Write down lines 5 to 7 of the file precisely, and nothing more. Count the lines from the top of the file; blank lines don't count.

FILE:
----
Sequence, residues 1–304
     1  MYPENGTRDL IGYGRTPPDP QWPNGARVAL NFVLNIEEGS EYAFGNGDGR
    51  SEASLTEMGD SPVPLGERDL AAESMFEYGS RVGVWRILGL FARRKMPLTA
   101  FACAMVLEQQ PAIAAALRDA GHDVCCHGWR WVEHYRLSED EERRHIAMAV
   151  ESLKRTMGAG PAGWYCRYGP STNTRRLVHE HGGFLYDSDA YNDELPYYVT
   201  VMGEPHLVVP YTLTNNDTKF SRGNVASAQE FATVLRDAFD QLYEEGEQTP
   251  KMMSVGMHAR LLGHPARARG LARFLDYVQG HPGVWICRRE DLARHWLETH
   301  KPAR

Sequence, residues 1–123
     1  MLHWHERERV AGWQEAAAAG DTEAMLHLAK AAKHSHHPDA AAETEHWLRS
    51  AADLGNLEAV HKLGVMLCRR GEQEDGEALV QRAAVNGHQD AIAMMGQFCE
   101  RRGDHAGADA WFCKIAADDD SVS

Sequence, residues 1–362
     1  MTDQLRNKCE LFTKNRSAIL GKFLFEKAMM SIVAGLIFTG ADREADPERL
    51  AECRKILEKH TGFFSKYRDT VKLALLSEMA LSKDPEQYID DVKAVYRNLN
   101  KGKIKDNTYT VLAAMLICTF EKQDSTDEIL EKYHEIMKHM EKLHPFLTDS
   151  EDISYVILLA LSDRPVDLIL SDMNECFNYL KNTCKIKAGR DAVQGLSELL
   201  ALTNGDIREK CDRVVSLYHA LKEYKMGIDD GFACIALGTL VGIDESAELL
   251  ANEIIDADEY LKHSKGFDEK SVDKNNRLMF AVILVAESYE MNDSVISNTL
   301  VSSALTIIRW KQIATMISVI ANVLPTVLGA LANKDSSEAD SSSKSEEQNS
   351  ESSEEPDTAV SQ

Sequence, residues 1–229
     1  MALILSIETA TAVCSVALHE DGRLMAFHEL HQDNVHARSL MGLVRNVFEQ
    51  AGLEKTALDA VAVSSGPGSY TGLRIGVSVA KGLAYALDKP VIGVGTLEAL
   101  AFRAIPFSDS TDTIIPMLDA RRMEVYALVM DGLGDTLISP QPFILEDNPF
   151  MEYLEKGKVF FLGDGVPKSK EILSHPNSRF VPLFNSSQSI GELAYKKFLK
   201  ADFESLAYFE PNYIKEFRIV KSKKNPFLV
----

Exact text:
   151  ESLKRTMGAG PAGWYCRYGP STNTRRLVHE HGGFLYDSDA YNDELPYYVT
   201  VMGEPHLVVP YTLTNNDTKF SRGNVASAQE FATVLRDAFD QLYEEGEQTP
   251  KMMSVGMHAR LLGHPARARG LARFLDYVQG HPGVWICRRE DLARHWLETH